Jean Wolf’s 10-acre farm off Buffalo Road became a swine sanctuary on Saturday.

Wolf opened her barn doors to nearly 100 pot-bellied pigs that she helped rescue from an Upper Peninsula foreclosed farm whose owner was evicted for not paying back taxes.

The piglets, boars and sows, many underweight and a few injured, traveled 500 miles in a large trailer to greener pastures in Buchanan and hopefully beyond.

They arrived at 9 a.m.

On Friday and early Saturday, Wolf set up two large fenced-in pens.

She and her neighbor, Nancy Lentsch, who lives on a farm just east of Wolf’s, separated the males from the females.

Lentsch agreed to temporarily house the males, called boars, until new homes could be found.

Wolf, meanwhile, has two pens where 30 piglets and sows, four of whom are pregnant, can roam.

She hopes to receive donations to help pay for vaccinations, neutering and spaying for the animals so they can be adopted.

“They are pets. As far as I’m concerned, they are an outdoor pet with indoor privileges,” she explained.

Don’t tell that to Meg Serafino. She and her husband, Ed, who live on a farm in Galien, raised “Petunia,” a household pig, for six years.

The Serafinos helped Wolf unload the pigs.

Meg Serafino said Petunia walked on a leash and came when called.

“She went outdoors when our dogs had to go out,” said Serafino.

Wolf calls Meg a special “pig person” and said most people who raise pot-bellied pigs should keep them outdoors with a large fenced yard that has places for them to cool off in hot weather.

In the animal kingdom’s pecking order, pigs are quite intelligent.

They are about as bright as toddlers, Wolf said.

“They’re curious. It’s like having a bunch of 3-year-olds running around,” she said.

Wolf already has “Big Mac,” a pot-bellied pig she received from a family that grew tired of him. He saunters out from a large dog house with the name “hog heaven” on it when she calls his name, “Mackie” for short.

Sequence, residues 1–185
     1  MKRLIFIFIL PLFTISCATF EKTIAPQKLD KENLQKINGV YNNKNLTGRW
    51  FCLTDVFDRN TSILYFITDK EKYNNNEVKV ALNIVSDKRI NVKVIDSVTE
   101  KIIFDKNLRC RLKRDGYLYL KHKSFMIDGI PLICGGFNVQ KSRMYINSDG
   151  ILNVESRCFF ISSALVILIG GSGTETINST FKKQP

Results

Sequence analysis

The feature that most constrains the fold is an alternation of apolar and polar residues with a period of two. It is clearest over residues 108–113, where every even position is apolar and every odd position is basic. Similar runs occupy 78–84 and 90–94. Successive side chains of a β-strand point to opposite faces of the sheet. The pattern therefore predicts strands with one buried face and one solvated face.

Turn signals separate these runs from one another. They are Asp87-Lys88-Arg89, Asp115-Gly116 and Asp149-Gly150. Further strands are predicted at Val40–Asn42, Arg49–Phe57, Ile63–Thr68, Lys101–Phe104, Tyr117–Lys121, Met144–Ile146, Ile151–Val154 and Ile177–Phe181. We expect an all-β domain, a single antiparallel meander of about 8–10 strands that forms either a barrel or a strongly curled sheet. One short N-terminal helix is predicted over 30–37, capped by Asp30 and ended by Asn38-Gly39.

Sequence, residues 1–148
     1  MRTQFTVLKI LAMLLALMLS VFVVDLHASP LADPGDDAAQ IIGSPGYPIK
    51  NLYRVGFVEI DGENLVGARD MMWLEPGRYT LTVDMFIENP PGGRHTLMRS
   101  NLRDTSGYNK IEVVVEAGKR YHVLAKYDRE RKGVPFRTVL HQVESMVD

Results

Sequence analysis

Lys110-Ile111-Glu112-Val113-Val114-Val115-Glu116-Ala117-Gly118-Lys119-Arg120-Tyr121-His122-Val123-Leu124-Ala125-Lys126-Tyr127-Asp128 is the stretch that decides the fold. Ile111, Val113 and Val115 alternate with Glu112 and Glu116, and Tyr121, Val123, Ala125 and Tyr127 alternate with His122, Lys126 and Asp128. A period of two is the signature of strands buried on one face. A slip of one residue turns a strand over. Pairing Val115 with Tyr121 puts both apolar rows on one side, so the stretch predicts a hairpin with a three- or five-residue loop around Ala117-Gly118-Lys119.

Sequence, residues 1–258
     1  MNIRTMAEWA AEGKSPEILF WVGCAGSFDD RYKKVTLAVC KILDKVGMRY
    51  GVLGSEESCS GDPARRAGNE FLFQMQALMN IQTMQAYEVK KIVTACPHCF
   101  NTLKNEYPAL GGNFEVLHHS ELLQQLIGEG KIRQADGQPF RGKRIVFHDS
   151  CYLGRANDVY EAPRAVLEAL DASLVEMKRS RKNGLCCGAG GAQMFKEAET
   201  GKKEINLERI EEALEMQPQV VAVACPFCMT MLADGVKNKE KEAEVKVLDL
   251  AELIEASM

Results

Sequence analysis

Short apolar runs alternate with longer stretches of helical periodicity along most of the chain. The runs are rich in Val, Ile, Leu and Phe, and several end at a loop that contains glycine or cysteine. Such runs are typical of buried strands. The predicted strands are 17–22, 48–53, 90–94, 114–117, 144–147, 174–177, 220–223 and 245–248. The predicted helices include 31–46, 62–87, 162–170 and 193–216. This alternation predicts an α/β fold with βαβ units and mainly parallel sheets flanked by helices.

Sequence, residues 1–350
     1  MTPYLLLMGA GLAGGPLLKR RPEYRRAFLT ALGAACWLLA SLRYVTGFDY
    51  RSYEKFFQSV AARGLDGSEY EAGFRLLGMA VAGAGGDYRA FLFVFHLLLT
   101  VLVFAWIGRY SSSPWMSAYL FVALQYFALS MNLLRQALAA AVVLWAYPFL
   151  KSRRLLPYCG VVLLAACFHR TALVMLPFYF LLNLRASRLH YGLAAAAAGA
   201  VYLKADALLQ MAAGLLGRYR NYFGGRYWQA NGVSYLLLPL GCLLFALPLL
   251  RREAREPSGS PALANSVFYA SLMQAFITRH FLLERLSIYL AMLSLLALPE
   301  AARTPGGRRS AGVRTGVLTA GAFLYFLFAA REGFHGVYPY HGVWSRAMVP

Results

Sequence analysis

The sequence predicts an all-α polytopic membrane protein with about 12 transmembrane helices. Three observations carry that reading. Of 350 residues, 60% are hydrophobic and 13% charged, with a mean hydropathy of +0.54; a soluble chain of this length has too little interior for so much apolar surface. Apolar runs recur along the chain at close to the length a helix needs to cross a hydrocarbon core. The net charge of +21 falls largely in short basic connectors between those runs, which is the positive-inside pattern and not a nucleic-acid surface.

Wolf is no stranger to the foster parent world of animals.

A few years ago when stray emus got loose in Niles and needed a home, Wolf opened her zoo-like farm to yet another species.

She’s been rescuing pot-bellied pigs for a decade.

Last month, when Wolf heard about the farm in Houghton, Mich., that had livestock that needed homes, she thought she would simply give Diane Trudgeon of the Copper Country Humane Society some prospective homes.

“When I first talked to her, I was just going to give her some leads,” Wolf said, explaining how she became the new foster home for the hogs.

Soon, it became apparent to Wolf that Trudgeon needed more than just prospective solutions.

“Diane doesn’t do placements for livestock. She does cats and dogs,” said Wolf.

The animals needed homes or they would be destroyed.

“I started thinking, ‘Maybe I can do this.’ Then I said, ‘I have to do this.’ I’m an animal lover. It tugged at my heart,” she said.

But she credits Trudgeon for saving the pigs.

“Without Diane’s perseverance, they wouldn’t be here.”

Hopefully not for long.

Wolf said so far she has prospective owners for the pigs in Utah and Wisconsin and a handful of other states.

“They’re coming out of hell. I don’t want them to go back there,” she said.

Trudgeon found homes for a horse, roosters, 29 pigs and some cats and dogs.

But she couldn’t find new homes for about 100 pigs.

“They’re unique animals, they deserve a better life than where they came from,” Wolf said.